Contributions by Philip Auslander, Sabeth Buchmann, Margarit von Büren, Barbara Clausen, Carola Dertnig, Andrea Fraser, Sabine Gebhardt Fink, Simone Forti, Sabina Holzer, Amelia Jones, Carrie Lambert-Beatty, Marie-Luise Lange, Suzana Milevska, Lilo Nein, Susanne Neuburger, Yvonne Rainer, Constanze Ruhm, Dietmar Schwärzler, Stefanie Seibold, Felicitas Thun-Hohenstein, Mechtild Widrich, Martha Wilson --------------- ''Performing the Sentence'' brings into dialogue the ways that ''performative thinking'' has developed in different national and institutional contexts, within different disciplines in the arts, and the conditions under which it has developed in experimental art schools. This anthology is a collection of twenty-one essays and conversations that weave in and out of the two key areas of research and teaching within performative fine art. They bring to light the conventions involved in the production, presentation, reception, and historicization of performance art, as well as the specific cultural and political implications. The various contributions also show how these conventions are produced through or within each artwork, independent from their specific contexts, offering ways of thinking beyond their usual frames of reference. At the same time they recognize the substantial work carried out by artists, critics, and theorists who have built on the meanings, references, and implications of performative thinking since the beginning of the ''performative turn.''
Edited and with contributions by Carola Dertnig, Diedrich Diederichsen, Tom Holert, Johannes Porsch, Johanna Schaffer, Stefanie Seibold, and Axel Stockburger.
In 2010/11, a group of Vienna-based art practitioners (artists, art historians, and cultural theorists) embarked on a journey of experimental research, exploring the genealogical and political implications of the ways in which research rhetorics and policies are currently incorporated into the fields of contemporary art and art education. Troubling Research: Performing Knowledge in the Arts, a collection of “books” of essays and conversations, is the quirky and exhilarating outcome of this collaborative endeavor to render a “problematization” by interrogating the very conditions of the current upsurge of the art/research articulation.
Michel Foucault once introduced problematization as a “specific work of thought” that transforms “a group of obstacles and difficulties into problems to which diverse solutions will attempt to produce a response.” For this project, the obstacles and difficulties in question were the terms “art” and “research” and their peculiar conjunction as “artistic” or “arts-based research.” As a result of this process, the understanding of individual artistic/theoretical practices was tested. Working both independently and as a collaborative entity, the group found itself negotiating and contesting each participant’s claim to knowledge in the context of art. The eventual responses to the problem of research proved to be both performative and troubling.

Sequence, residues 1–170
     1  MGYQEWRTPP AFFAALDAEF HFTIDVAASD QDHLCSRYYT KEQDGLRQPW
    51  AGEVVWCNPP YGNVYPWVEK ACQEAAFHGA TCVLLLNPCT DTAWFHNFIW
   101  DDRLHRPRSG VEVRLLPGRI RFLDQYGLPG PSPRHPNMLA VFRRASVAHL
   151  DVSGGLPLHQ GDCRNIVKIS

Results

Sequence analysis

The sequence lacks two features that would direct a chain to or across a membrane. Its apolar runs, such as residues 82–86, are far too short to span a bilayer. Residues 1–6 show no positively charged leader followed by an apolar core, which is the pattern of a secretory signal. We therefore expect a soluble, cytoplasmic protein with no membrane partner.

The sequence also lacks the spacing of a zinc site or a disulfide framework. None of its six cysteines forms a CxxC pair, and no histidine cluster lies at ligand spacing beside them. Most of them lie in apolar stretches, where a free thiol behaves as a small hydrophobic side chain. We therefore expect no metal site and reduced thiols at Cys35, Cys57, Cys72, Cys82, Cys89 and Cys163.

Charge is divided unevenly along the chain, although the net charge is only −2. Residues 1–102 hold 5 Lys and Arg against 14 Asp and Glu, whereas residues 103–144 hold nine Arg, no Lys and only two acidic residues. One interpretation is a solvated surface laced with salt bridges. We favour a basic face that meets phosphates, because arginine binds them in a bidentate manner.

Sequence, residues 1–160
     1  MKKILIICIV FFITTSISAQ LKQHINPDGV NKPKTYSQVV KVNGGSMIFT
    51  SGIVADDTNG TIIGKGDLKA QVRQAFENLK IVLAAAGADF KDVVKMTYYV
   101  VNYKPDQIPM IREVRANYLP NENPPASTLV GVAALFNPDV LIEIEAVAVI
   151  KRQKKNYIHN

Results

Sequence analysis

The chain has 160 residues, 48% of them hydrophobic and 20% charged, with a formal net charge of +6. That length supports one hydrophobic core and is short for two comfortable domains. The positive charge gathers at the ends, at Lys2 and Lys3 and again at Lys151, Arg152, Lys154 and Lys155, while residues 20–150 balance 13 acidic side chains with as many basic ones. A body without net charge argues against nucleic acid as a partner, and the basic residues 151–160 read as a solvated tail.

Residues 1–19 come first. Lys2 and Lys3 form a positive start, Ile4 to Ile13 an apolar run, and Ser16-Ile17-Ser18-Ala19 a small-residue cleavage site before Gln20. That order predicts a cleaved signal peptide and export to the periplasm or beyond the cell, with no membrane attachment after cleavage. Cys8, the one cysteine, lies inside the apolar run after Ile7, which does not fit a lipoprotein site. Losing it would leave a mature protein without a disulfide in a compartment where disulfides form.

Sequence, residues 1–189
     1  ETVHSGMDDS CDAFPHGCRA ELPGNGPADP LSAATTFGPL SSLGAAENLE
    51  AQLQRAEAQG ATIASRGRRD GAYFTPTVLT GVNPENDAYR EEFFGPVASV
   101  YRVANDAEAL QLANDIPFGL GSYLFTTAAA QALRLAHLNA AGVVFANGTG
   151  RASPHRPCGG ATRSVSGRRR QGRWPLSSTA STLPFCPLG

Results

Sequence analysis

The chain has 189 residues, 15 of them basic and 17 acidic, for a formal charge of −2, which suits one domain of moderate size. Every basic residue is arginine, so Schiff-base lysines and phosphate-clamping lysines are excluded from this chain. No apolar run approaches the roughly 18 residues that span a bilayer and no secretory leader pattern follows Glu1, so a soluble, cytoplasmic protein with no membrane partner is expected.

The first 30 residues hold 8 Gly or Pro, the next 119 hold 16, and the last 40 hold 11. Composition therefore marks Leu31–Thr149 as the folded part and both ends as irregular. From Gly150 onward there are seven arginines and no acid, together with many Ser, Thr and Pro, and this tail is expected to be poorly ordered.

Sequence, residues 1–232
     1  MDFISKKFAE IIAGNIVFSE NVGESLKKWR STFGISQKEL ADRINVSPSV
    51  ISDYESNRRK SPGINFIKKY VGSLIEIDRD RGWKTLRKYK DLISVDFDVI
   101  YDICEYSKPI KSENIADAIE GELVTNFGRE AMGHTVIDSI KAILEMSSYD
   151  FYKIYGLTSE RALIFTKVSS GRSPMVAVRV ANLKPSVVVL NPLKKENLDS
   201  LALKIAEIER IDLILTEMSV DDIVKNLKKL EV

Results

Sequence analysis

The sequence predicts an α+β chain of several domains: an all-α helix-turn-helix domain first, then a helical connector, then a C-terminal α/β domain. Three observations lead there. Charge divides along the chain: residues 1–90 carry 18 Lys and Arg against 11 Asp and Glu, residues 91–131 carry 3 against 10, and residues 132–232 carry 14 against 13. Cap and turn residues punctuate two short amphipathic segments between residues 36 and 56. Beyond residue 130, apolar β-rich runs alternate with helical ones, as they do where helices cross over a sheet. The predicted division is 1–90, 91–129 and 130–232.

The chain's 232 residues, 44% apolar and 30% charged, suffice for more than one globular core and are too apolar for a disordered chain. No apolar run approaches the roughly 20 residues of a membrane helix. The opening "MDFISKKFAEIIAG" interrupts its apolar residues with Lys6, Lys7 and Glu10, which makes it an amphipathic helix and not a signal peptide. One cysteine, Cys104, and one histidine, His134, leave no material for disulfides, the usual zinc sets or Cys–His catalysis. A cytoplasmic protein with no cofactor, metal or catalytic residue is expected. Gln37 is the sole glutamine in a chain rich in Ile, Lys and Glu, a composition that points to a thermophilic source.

Historical and contemporary objects of performance are documented in this wide-ranging anthology, the first to chart the historical development of the medium in Austria. The volume published by Carola Dertnig and Stefanie Seibold shows a vast array of pieces from the past four decades. It also offers public access to a number of artistic items for the first time: items which, despite having been – and remaining – central to the domestic art scene, have been overlooked in official accounts of art history. The volume consciously highlights productions rooted firmly in an artistic context, and also establishes connections to experimental performance-related productions from theatre and revue as well as links to creative political activism. There is a specific emphasis on works dealing with sex and gender, subject matter that has generally been explored through the performance medium since the 1970s.
This richly illustrated and bilingual publication thereby raises awareness of the history of a medium which has consistently delivered critical impetus over recent decades, revolutionising the self-image of contemporary art and its reception. Several pages of text and images are dedicated to each of around fifty objects. Interviews with those who were there at the time, expert comment and in-depth analyses elucidate the relevance of the medium to present-day art, interpret the more stimulating approaches and strategies currently applied and reveal interconnections with other spheres of art.